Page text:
In its marvelously perceptive portrayal of two young women in love, Sense and Sensibility is the answer to those who believe that Jane Austen’s novels, despite their perfection of form and tone, lack strong feeling.
Its two heroines, Marianne and Elinor—so utterly unlike each other–both undergo the most violent passions when they are separated from the men they love. What differentiates them, and gives this extroardinary book its complexity and brilliance, is the way each expresses her suffering: Marianne–young, impetuous, ardent–falls into paroxysms of grief when she is rejected by the dashing John Willoughby; while her sister, Elinor—wiser, more sensible, more self-controlled—masks her despair when it appears that Edward Ferrars is to marry the mean-spirited and cunning Lucy Steele. All, of course, ends happily—but not until Elinor’s “sense” and Marianne’s “sensibility” have equally worked to reveal the profound emotional life that runs beneath the surface of Austen’s immaculate and irresistible art.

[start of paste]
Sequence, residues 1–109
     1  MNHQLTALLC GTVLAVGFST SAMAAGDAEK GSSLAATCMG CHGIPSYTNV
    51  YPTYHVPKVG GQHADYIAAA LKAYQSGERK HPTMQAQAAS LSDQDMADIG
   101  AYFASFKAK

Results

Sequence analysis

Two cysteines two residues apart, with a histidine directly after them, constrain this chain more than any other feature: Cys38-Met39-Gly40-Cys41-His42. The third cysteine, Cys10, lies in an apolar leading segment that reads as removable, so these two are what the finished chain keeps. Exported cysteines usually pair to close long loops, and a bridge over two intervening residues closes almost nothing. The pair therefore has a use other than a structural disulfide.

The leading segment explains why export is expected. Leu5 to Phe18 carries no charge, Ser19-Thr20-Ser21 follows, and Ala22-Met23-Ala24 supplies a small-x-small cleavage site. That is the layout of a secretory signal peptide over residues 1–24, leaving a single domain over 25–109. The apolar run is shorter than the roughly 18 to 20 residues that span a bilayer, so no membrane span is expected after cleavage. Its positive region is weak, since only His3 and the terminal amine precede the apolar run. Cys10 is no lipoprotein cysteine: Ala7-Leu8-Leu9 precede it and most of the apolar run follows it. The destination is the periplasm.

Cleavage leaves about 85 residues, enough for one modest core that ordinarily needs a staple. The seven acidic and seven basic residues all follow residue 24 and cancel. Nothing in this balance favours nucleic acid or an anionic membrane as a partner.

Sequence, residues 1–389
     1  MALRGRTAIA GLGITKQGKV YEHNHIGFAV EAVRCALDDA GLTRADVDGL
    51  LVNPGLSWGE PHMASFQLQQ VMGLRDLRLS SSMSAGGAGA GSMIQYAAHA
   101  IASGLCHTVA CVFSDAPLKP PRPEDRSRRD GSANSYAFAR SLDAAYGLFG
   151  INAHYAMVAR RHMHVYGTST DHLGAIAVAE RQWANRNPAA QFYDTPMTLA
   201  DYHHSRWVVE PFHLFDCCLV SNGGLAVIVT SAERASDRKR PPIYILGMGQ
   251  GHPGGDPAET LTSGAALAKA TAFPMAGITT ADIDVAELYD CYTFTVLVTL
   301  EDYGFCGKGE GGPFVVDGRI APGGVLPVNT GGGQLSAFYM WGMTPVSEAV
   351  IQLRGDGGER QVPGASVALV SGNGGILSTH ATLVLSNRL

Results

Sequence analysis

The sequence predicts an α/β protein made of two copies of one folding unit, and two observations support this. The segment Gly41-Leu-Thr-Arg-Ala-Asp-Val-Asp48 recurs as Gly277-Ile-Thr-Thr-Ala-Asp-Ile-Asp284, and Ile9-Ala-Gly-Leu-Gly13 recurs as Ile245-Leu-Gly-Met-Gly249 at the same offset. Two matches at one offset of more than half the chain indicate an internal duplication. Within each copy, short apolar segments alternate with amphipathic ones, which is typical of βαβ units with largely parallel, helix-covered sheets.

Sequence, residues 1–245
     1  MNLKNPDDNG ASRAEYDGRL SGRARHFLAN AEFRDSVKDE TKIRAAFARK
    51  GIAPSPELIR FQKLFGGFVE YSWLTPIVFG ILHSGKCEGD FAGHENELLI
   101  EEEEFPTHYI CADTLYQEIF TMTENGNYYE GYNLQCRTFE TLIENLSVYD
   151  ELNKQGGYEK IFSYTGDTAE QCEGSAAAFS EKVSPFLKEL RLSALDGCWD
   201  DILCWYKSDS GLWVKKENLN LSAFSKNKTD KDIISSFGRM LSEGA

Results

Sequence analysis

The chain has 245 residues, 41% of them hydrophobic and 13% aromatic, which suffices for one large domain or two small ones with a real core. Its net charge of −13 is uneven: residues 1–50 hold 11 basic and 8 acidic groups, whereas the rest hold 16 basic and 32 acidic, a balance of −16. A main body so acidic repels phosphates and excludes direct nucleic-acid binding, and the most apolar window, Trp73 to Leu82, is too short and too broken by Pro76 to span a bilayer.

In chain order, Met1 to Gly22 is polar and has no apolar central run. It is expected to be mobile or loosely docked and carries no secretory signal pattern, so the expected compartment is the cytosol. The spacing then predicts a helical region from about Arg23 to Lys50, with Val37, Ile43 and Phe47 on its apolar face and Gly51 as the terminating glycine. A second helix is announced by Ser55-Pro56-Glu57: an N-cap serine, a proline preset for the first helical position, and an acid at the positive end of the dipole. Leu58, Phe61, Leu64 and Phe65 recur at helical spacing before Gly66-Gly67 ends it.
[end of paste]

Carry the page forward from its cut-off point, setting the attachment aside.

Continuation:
(Book Jacket Status: Jacketed)
About the Author
Jane Austen is one of the most important English novelists to emerge in the 18th Century. Her brilliant, satirical, and elegant novels have transcended time and earned her a place among the greatest literary figures that ever lived. Born to a clergyman in 1775, Ms. Austen's writing career began at the tender age of 14, when she completed her first novel, Love and Friendship. She would go on to thrill the world with her romantic literary tales ever after.
Peter Conrad is Tutor in English at Christ Church College, Oxford.
“[Sense and Sensibility] is a subtler and a more searching novel than [its critics’] blunt instruments of perception have been capable of registering, because it deals not with the categories of romantic philosophy but with the transformation of those categories into ways of feeling and behaving. It explores the unsettling romantic alteration of the internal life.” –from the Introduction by Peter Conrad